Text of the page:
The national advocacy group 21C Canada holds some sway over provincial ministers of education (C21 Canada 2015), but, so far, the implementation of 21st century learning and the explicit teaching of ‘digital literacies’ is very uneven, particularly outside of the recognized lead provinces, Ontario, British Columbia and Alberta (People for Education 2014).

The natural evolution of online and face-to-face education from 2008 until 2015 is exemplified by the spread of blended learning.  Newer blended learning models, promoted by the Christensen Institute (Powell et al. 2015), are beginning to emerge in the so-called “hybrid zone” in what might be termed ‘lighthouse’ schools.

While provinces such as BC, Alberta and Ontario actively promote eLearning, innovation is limited by the current structural boundaries and education authorities are only beginning to track blended learning enrolment. In 2012-13, British Columbia enacted legislation enabling “flexible learning choices” and, with the support of the BC Distributed Learning Administrators’ Association (BCDLAA), blended learning and “flipped classroom” practices are becoming more mainstream (Barbour 2013, 61-62).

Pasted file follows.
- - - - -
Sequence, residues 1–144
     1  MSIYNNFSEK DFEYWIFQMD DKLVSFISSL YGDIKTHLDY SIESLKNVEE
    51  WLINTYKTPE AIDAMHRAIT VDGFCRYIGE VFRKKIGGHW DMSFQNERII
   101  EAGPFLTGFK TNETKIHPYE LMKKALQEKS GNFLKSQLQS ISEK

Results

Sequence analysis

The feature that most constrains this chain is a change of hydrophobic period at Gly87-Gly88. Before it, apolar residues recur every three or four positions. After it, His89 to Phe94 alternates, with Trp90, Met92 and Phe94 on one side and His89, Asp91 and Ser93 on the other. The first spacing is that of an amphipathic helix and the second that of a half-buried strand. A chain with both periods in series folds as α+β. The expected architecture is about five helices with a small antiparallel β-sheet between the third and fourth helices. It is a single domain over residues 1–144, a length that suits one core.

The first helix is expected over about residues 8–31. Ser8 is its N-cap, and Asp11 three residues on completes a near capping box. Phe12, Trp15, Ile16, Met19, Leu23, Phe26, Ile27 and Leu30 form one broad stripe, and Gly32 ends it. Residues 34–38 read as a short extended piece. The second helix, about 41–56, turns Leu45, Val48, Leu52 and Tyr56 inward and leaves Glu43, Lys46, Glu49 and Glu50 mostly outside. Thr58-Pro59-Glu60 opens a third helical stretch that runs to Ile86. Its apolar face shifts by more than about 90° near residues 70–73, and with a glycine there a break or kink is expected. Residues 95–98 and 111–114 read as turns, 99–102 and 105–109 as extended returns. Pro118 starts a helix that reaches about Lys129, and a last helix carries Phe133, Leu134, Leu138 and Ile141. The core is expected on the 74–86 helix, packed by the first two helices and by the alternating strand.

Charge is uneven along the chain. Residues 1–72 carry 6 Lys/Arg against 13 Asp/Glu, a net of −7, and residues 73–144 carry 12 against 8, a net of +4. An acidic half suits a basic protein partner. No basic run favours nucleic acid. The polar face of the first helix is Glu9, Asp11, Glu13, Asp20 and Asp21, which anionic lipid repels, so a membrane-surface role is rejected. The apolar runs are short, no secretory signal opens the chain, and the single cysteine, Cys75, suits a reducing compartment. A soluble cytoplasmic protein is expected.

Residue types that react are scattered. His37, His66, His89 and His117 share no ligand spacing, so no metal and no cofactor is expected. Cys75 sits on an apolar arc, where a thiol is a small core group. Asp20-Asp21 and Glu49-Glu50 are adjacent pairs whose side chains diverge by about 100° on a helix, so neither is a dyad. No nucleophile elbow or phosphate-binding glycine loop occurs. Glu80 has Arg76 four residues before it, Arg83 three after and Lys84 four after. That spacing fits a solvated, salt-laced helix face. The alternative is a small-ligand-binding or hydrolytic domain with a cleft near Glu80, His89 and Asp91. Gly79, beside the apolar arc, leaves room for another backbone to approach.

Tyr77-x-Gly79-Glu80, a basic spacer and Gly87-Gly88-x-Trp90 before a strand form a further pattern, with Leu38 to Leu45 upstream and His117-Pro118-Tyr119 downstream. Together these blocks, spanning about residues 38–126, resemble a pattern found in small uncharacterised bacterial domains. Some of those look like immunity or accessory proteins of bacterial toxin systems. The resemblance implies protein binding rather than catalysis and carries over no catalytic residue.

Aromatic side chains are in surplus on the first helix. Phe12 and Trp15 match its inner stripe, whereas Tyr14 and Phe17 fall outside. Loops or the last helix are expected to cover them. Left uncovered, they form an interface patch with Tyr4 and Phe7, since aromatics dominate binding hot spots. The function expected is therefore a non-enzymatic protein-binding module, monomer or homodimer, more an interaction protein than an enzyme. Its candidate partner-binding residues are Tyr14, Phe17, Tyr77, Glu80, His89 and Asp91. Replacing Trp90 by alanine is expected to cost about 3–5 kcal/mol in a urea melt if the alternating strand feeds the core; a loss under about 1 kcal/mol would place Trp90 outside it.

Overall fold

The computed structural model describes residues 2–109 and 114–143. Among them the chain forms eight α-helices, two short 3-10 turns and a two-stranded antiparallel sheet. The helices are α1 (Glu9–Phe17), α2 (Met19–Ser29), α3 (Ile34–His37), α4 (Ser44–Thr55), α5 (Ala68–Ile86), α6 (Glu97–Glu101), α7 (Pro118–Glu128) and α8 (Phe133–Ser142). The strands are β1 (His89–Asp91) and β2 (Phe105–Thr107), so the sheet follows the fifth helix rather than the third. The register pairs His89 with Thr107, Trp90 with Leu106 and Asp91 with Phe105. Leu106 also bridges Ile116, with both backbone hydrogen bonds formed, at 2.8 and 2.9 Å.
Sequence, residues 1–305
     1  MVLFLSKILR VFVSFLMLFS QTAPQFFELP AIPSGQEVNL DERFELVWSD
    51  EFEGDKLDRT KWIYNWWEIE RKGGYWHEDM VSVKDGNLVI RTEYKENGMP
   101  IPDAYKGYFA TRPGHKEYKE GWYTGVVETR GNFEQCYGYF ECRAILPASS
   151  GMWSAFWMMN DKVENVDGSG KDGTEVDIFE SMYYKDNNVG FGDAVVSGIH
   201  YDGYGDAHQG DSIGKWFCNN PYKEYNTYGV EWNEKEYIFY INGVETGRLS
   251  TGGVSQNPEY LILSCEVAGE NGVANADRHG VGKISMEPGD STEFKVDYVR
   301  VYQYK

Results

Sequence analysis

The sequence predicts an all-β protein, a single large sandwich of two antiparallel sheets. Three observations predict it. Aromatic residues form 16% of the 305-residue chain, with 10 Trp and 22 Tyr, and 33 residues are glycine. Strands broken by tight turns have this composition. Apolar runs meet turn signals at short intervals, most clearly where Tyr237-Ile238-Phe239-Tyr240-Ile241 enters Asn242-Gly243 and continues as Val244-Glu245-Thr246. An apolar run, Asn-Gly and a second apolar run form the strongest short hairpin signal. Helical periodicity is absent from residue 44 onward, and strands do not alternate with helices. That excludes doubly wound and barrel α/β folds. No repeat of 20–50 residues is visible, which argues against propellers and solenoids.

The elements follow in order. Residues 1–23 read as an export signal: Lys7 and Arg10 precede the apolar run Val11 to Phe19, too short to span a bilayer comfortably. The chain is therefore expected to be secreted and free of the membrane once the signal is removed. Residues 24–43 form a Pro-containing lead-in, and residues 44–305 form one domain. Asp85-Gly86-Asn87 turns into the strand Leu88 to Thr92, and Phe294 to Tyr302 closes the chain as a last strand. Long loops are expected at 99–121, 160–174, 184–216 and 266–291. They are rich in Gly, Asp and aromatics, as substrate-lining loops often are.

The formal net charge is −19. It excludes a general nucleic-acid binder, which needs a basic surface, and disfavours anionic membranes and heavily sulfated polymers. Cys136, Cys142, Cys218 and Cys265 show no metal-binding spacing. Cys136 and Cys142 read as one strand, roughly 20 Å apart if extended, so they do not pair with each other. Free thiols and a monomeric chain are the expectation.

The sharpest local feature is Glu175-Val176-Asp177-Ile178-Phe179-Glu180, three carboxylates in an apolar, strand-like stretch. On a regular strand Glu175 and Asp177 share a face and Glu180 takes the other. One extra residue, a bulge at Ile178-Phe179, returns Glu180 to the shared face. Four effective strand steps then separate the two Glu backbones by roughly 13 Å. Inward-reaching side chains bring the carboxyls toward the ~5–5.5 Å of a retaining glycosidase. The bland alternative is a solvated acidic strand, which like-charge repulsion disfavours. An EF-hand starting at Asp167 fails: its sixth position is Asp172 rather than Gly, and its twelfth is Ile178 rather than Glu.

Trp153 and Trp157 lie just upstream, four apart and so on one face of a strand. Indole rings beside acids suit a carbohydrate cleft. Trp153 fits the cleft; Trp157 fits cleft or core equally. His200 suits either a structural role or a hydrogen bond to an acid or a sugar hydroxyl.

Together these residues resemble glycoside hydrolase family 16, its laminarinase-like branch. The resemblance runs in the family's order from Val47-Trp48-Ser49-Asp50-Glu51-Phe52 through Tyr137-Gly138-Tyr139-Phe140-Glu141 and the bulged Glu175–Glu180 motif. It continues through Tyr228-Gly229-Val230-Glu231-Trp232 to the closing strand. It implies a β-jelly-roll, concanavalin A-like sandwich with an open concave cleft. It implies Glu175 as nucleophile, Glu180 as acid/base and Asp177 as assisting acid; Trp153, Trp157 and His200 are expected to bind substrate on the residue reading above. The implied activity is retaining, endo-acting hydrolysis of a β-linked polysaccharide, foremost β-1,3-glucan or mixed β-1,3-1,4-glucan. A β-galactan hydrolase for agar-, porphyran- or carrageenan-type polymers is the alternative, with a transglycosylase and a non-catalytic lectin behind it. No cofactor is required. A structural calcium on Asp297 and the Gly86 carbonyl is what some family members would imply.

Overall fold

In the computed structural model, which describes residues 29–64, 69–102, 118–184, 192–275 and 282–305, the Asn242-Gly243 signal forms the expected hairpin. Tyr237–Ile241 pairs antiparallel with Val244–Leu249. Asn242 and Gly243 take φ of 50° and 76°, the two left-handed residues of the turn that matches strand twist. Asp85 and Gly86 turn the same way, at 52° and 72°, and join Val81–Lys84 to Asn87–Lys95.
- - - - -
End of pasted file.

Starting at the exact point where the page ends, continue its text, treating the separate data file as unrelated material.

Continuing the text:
National online education survey reports, produced by the CAN eLearning Network (Barbour and LaBonte BIT 2015), testify to the steady growth of distance education and online programs, but identify the need for “better data” and more evidence of the transition to blended ‘competency-based learning’ in Canada. Evolution rather than revolution appears to be the Canadian way.

What’s really driving the growth in Canadian K-12 online and blended learning?  Where is the initiative coming from – from the top-down or the schools-up? What advantages does the “managed-growth” approach over the “destructive innovation” doctrine prevalent in some American states? Would Canadian students and families benefit from more “flexible learning” choices in K-12 public education?